WASHINGTON — A new world-class science center is coming to Northern Virginia. The vision, which has been more than a decade in the making, is finally almost a reality.
The future science center of Northern Virginia will have more than 70,000 square feet of hands-on exhibits and learning experiences to spark learning and curiosity to 300,000 visitors a year.
Science. Technology. Engineering. Mathematics.
Brought to life.
Brought to excitement.
Brought to realization.
Available to everyone in the DMV.
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This future science center will be an exciting expansion from the Children's Science Center's current location in Fairfax, Virginia, which serves over 70,000 visitors a year both at their location in the Fair Oaks Mall and through other outreach programs at schools.
How It's Happening: A Private-Public Partnership
The funding for the new museum comes from a public-private partnership. Both the state of Virginia's Department of Education and Loudoun county will be contributing significant funds.
Both Governor Ralph Northam and First Lady Pamela Northam were at an event in Ashburn in January to celebrate the culmination of funding.
This makes the new Northern Virginia Science Museum part of a network of science centers in the State of Virginia, including museums in Richmond and Danville, which serve a combined 450,000 visitors each year. The private funding was kick-started with a generous $10 million donation from Northwest Federal Credit Union.
They still have another fraction of funding to raise before the vision becomes complete.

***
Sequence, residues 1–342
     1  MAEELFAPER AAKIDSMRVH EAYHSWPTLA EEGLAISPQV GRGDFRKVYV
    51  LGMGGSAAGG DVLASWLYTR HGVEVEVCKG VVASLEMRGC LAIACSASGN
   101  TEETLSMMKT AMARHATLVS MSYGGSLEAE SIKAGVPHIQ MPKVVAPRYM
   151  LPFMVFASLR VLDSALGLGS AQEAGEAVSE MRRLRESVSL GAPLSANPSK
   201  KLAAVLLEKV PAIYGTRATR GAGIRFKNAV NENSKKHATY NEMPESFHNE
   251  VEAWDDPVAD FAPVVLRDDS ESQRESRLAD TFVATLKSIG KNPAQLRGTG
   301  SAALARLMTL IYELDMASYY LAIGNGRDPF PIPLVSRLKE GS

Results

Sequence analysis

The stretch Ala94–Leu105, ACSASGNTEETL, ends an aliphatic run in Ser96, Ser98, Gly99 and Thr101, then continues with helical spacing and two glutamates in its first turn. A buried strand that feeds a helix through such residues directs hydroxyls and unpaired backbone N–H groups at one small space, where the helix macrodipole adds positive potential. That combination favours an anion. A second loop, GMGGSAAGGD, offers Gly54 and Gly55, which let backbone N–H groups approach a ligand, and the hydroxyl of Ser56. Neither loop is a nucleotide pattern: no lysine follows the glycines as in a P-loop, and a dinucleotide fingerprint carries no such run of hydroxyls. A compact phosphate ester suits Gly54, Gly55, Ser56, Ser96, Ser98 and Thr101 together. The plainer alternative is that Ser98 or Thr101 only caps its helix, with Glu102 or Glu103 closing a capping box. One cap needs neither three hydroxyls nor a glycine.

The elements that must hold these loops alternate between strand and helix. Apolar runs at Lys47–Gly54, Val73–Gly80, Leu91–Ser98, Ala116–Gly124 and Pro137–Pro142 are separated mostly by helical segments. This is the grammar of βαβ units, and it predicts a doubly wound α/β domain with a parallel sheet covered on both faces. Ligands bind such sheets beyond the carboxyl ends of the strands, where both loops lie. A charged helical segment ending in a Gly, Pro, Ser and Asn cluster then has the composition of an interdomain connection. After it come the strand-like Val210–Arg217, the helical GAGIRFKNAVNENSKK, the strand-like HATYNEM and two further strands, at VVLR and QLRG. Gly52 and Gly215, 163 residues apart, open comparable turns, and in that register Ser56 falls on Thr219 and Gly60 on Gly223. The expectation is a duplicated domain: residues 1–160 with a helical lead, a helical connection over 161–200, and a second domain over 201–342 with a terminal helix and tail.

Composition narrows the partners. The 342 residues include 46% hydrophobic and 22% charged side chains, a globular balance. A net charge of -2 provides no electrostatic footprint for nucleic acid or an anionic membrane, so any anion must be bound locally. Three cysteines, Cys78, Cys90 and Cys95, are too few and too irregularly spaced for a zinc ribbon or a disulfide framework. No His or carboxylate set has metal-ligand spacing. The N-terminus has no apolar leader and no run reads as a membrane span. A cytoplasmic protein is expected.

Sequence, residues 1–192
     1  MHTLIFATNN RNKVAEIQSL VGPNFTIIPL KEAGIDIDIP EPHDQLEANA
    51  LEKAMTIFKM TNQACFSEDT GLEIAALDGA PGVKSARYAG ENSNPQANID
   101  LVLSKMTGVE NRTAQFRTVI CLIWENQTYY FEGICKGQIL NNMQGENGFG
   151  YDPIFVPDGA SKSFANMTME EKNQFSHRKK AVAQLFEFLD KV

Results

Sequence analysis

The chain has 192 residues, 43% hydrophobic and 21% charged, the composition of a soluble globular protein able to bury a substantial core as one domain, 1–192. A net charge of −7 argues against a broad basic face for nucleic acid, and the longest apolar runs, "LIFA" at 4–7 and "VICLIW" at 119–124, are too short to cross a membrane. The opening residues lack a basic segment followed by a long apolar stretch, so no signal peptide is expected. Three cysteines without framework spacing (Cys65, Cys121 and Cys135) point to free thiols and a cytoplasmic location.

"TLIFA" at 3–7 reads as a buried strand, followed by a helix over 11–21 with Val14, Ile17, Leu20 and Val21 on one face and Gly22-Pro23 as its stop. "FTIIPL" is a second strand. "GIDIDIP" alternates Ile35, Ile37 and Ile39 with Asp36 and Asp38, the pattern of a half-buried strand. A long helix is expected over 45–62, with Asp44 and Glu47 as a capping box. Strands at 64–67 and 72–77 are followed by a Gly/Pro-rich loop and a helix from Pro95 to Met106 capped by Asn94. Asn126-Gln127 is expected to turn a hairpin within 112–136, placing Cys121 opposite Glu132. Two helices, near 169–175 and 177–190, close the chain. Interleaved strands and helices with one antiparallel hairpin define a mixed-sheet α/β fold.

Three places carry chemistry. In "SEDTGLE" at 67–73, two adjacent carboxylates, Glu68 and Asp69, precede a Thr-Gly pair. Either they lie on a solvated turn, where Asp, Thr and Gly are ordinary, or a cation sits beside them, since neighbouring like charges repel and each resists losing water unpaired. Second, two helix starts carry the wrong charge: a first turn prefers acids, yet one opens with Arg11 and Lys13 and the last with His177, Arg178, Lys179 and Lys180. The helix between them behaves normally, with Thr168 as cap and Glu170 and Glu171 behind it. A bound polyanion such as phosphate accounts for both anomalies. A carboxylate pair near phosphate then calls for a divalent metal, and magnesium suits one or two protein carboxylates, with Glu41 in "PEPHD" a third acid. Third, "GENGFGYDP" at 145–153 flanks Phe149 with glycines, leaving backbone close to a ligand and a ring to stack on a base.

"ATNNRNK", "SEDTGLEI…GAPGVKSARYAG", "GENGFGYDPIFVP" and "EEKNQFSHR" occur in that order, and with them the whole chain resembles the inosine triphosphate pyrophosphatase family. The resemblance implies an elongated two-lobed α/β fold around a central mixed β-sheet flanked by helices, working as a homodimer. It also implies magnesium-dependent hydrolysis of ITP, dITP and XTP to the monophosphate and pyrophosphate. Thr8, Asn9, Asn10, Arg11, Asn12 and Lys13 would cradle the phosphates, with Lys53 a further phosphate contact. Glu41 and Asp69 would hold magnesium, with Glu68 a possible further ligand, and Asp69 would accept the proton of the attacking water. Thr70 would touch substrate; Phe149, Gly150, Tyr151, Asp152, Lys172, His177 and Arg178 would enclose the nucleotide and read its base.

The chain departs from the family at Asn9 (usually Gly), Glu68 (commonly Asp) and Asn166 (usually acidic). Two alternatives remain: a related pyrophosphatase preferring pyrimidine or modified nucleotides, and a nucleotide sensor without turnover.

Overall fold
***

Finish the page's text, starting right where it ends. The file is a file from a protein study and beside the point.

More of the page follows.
CEO Jeff Bentley comments on the impact they hope to have with this donation:
Here's why you should care
I've been an advocate of the Children's Science Center since I first started working as a Meteorologist at WUSA 9 in 2016. WUSA 9 and our parent company, TEGNA, also sees the value in youth STEM education and has been building a partnership with the Children's Science Center for many years.
But I want to take the opportunity to speak to you as a member of our DMV community and tell you why I believe this future science center is so direly needed in northern Virginia as soon as possible.
Where I grew up, we didn't have any science museums. But my parents had the means to still get me involved in hands-on science learning. I was lucky.
Not all of our youth in the DMV are as fortunate. Some of their parents work 2 or 3 jobs just to pay the rent and keep the heat on. They don't have the means to pay for, yet alone travel to a museum or science center.
But with generous private donations, the Children's Science Center is able to offer hands-on science to Title I schools at no cost. They make science and STEM learning available to everyone, regardless of economic means. This happens through field trips to the lab, or programs at the schools, including 'Family Science Nights'.